• The Black Caucus of the American Library Association Nonfiction Book Award
• The Tampa Bay Historical Society's D. B. McKay Award
• The Florida Historical Society's Rembert Patrick Award for Best Book in Florida History
"This is the definitive account of slavery in Florida. It covers all aspects of the institution and the lives of those who were its victims. Especially revealing are its thorough examination of the slave family and its detailed account of the relations between black slaves and Seminole Indians. I know of no other state study that does as much so well."--George M. Fredrickson, Edgar E. Robinson Professor, Stanford University
"Applying the results of extensive research in the primary and secondary sources to a broad conceptual framework, Larry E. Rivers has written a comprehensive social history of slavery in Florida."--Jerrell H. Shofner, Professor of History Emeritus, University of Central Florida
"A highly significant study. . . . Rivers has brought Florida up to date in the field of American slavery. This study, well-written and based on a variety of sources, is balanced and informative."—William W. Rogers, professor emeritus of history, Florida State University
"Rivers has filled a tragically neglected gap in Florida’s published history. The evolution and complexities of slavery unfold from an easily readable narrative in a manner that will move the reader and shed new light on a key element of southern and African American history."—Canter Brown, Jr., historian in residence, Tampa Bay History Center
This important illustrated social history of slavery tells what life was like for bond servants in Florida from 1821 to 1865, offering new insights from the perspective of both slave and master.
Starting with an overview of the institution as it evolved during the Spanish and English periods, Larry E. Rivers looks in detail and in depth at the slave experience, noting the characteristics of slavery in the Middle Florida plantation belt (the more traditional slave-based, cotton-growing economy and society) as distinct from East and West Florida (which maintained some attitudes and traditions of Spain). He examines the slave family, religion, resistance activity, slaves’ participation in the Civil War, and their social interactions with whites, Indians, other slaves, and masters.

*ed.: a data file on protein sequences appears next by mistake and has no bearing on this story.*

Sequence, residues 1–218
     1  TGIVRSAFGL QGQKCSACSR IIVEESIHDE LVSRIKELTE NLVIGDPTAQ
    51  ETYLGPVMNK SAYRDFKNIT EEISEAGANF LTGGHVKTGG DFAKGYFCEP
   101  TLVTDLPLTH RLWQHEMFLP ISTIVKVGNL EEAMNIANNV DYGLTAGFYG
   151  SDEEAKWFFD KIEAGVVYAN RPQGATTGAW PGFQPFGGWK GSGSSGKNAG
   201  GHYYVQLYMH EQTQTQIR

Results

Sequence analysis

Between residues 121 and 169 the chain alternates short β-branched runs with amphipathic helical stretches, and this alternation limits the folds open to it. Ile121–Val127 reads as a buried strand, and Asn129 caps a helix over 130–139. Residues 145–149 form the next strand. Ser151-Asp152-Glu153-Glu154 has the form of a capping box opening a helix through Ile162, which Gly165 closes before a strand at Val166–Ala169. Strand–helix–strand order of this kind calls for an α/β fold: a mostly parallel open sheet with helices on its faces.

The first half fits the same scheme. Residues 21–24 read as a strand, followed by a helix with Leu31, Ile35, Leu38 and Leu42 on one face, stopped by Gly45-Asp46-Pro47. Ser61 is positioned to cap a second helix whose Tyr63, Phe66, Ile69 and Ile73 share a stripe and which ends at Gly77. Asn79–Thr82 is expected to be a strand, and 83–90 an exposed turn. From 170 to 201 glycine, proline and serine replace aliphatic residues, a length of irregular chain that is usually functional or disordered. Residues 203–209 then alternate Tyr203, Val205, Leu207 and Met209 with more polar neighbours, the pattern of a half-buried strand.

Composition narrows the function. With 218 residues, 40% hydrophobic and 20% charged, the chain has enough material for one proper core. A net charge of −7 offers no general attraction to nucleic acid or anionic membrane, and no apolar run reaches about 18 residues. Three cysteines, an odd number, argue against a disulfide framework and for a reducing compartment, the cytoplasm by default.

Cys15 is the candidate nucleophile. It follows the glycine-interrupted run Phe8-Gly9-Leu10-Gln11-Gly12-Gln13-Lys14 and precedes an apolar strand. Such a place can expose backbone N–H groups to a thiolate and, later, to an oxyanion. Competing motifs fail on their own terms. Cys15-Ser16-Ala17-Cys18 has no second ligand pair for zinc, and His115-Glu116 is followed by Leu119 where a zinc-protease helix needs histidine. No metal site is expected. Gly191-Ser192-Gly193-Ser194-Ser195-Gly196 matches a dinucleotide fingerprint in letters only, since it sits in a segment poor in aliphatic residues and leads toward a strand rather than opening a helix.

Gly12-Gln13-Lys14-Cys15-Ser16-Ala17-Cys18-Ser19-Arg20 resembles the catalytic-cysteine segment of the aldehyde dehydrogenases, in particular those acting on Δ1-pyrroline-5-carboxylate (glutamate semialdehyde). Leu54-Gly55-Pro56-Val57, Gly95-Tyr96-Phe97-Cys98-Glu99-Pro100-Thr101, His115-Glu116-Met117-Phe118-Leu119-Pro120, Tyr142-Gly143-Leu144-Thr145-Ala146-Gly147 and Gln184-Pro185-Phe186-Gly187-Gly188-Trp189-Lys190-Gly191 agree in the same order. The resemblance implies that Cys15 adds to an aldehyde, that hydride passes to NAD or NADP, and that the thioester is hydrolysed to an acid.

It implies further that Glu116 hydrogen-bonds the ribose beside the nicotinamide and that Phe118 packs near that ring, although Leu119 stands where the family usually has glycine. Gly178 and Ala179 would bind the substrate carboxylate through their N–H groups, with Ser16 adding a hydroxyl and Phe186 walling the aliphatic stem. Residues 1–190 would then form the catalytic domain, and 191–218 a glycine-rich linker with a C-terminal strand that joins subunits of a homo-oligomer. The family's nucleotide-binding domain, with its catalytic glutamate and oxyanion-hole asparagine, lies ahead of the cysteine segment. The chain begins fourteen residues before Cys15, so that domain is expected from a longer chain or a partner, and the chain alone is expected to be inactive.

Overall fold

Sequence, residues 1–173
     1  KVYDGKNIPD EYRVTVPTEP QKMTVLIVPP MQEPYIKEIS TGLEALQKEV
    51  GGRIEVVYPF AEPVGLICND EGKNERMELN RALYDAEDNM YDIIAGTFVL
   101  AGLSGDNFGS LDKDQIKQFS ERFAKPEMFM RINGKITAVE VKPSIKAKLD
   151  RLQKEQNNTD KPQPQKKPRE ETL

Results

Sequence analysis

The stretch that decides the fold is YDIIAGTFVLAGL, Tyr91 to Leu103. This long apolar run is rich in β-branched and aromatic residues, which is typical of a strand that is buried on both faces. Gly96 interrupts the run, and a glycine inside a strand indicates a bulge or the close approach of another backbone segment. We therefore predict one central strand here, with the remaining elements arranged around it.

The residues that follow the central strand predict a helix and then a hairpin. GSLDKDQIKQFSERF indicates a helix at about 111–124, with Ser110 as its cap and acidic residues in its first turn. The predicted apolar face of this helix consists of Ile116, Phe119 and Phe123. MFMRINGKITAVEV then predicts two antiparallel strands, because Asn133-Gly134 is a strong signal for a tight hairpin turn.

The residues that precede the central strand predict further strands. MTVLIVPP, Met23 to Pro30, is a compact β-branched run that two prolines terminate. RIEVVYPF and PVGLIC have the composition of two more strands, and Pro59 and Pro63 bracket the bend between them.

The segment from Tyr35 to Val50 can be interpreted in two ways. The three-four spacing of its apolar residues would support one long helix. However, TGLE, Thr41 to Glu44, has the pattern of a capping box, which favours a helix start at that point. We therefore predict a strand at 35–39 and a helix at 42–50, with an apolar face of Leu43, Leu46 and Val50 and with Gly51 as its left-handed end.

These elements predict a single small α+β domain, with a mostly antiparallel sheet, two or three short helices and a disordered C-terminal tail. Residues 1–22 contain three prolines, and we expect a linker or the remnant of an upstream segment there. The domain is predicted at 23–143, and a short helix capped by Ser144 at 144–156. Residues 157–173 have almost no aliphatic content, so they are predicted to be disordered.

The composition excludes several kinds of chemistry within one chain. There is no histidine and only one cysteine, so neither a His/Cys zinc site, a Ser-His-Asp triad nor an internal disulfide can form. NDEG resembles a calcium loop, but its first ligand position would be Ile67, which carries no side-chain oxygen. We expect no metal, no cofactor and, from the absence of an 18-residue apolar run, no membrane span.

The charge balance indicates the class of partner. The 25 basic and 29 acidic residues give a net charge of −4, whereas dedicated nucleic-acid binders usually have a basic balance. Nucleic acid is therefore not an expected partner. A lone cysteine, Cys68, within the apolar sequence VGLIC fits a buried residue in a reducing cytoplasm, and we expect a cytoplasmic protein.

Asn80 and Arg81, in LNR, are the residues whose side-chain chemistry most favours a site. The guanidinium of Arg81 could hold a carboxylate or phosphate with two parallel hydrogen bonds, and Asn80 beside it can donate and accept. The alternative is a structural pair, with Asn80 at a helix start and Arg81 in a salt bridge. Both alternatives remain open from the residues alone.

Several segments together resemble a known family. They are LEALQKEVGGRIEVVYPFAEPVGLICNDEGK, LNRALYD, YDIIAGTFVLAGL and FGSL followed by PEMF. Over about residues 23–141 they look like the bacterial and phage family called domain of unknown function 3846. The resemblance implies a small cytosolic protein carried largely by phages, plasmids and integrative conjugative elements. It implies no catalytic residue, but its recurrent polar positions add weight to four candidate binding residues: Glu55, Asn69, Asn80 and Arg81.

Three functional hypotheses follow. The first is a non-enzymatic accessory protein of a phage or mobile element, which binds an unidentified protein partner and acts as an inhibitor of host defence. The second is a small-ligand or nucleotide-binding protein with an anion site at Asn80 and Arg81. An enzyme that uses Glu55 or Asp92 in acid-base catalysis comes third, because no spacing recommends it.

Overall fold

Rivers also provides a dramatic account of the hundreds of armed free blacks and runaways among the Seminole, Creek, and Mikasuki Indians on the peninsula, whose presence created tensions leading to the great slave rebellion, the Second Seminole War (1835-42).
Slavery in Florida is built upon painstaking research into virtually every source available on the subject--a wealth of historic documents, personal papers, slave testimonies, and census and newspaper reports. This serious critical work strikes a balance between the factual and the interpretive. It will be significant to all readers interested in slavery, the Civil War, the African American experience, and Florida and southern U.S. history, and it could serve as a comprehensive resource for secondary school teachers and students.
Larry Eugene Rivers, President of Fort Valley State College and professor of history, is the author of numerous works, and the recipient of the Arthur W. Thompson Award from the Florida Historical Society and the Carter G. Woodson Award from the Association for the Study of African American Life and History.